The MP721c sits in the middle of BenQ's projector line-up, supplementing the range with a lower-cost alternative to the MP721.
At 2.67kg, the MP721c isn't something you'd want to carry around on a daily basis, but it's certainly light enough to move from room to room and comes with a convenient shoulder bag. It's also less bulky than some competing products, such as Acer's P1265.
On the top of the case is a panel of small silver control buttons arranged in a grid. In addition to the power switch and source selector, these include the usual menu navigation keys as well as keystone adjustment, screen blanking and auto setup control. Included in this grid is a button marked 'Q' which gives you access to an on-screen help system designed to assist with the most frequently encountered problems and setup issues.
A credit card-sized remote control is also supplied, which uses a flat watch-style battery and has rather small, fiddly buttons. It's not illuminated and it doesn't come with a built-in laser pointer.
The styling is rather retro: start-up and shut down are greeted with a loud electronic fanfare reminiscent of an 80s arcade shoot 'em up. It doesn't have the sophisticated look of some competing products such as the IN36 from InFocus, but it has a glossy deep-blue finish that belies its plastic construction.
Like the MP721, this is a DLP-based product with a native resolution of 1,024 by 768 pixels in a medium-sized transportable casing. What differentiates the two products is that the MP721c offers a reduced brightness level of 2,200 ANSI lumens, compared to the MP721's 2,500 ANSI lumens.
As you'd expect from a modern projector, HDTV resolutions are supported up to 1080i with appropriate down-scaling, making the MP721c compatible with a wide variety of inputs.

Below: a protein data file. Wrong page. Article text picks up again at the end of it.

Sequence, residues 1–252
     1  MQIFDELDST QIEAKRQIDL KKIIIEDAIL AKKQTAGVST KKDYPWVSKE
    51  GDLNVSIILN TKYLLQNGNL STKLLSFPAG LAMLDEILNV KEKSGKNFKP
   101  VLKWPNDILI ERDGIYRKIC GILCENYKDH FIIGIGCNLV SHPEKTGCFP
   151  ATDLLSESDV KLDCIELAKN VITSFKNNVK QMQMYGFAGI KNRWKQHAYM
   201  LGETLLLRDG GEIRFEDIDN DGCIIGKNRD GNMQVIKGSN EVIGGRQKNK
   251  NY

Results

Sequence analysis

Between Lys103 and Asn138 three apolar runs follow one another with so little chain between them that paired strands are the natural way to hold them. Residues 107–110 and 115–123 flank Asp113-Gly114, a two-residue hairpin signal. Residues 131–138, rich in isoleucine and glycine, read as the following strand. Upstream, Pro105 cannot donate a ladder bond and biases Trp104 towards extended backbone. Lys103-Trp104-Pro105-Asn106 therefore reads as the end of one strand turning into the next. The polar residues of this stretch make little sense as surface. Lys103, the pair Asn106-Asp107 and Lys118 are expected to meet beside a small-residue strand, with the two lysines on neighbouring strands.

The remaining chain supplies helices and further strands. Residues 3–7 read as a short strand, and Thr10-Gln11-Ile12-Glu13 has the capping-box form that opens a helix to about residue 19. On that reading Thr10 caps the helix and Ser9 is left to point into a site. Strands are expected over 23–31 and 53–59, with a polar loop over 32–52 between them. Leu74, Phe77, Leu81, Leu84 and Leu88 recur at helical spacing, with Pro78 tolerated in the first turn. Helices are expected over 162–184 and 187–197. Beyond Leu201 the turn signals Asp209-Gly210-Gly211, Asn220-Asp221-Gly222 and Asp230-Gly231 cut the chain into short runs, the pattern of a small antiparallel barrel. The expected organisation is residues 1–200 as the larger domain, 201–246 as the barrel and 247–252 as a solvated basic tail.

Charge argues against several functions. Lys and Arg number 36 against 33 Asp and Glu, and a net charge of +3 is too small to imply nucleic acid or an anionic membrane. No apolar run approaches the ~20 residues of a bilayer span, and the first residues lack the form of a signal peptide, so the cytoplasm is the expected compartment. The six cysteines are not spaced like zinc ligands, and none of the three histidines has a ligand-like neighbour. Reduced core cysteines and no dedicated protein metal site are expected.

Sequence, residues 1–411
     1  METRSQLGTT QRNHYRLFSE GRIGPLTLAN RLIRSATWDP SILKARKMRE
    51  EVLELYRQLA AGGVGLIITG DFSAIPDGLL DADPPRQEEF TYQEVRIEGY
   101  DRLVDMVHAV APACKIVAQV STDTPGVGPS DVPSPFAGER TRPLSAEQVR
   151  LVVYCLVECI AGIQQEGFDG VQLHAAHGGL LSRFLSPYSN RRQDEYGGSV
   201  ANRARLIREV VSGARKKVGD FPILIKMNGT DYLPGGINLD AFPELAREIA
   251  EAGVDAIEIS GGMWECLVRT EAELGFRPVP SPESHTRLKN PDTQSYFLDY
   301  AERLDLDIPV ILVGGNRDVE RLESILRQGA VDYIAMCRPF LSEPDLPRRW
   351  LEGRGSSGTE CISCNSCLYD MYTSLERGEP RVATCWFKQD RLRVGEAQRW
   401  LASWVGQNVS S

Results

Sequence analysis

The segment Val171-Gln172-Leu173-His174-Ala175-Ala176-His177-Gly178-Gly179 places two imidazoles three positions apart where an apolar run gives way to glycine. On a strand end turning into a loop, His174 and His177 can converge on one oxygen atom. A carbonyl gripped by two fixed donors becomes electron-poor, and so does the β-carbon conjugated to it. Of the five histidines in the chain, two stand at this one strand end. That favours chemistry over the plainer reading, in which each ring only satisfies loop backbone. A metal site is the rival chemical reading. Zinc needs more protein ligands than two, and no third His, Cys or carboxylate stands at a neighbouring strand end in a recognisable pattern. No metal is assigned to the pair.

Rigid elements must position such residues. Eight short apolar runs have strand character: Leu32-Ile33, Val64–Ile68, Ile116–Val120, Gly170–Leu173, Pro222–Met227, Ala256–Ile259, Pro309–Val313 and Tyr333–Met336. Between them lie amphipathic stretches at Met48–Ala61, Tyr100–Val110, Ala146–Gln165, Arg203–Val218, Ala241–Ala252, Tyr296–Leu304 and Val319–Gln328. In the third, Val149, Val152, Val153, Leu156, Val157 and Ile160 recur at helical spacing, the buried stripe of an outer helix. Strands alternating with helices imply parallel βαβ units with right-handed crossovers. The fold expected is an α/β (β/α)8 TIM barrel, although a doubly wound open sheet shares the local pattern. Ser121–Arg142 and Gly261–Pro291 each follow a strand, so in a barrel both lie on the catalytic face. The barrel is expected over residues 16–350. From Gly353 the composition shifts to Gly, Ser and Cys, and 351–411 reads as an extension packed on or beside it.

To the rear, a full selection of sockets -- including VGA in and out, DVI-I, composite video and S-Video -- provides connectivity with most AV equipment. Component video sources can also be used via the VGA connector.
Wireless networking is also available via an add-on LinkPro module. Although it's an optional extra, all the control and setup functionality is incorporated into the projector, making it easy to use. It connects up via the DVI-I port, however, leaving it unavailable for normal use while the module is attached. Overall, this is an excellent selection of connectivity options for a projector in this price range.
A hole in the top left corner of the projector provides access to the manual focus and zoom controls. The controls aren't linked, so there's no attempt to keep the picture in focus when the zoom is operated. This can be confusing, but only costs you a few seconds during setup.
The MP721c supports an sRGB colour mode, which enables some degree of colour-matching to take place if you want projected colours to appear the same as those you're used to seeing on your monitor. This means that photos can be presented accurately, but the overall brightness of the projector is significantly lower here than in 'dynamic' mode, which offers around three times the brightness, but without the accurate colour.
We also found the MP721c produced colours that weren't quite as vivid as we've seen from some of the competition -- although when projecting photos or video, accuracy is certainly preferable to raw vibrancy and the MP721c produced some very pleasing, life-like images.
BenQ's warranty is also worthy of special mention: the purchase price buys you three years of on-site cover including deinstallation, a loan unit and reinstallation of the repaired projector. The lamp itself is also covered for 3 years or 2,000 hours -- whichever comes first, although according to BenQ you can expect it to last for up to 4,000 hours if you stick to using Eco mode.
Curiously, this warranty applies only to the MP721c and not the more expensive model, so if you can live without the 300 extra ANSI lumens, we would recommend keeping that extra £40 in your pocket.
Edited by Jason Jenkins
Additional editing by Jon Squire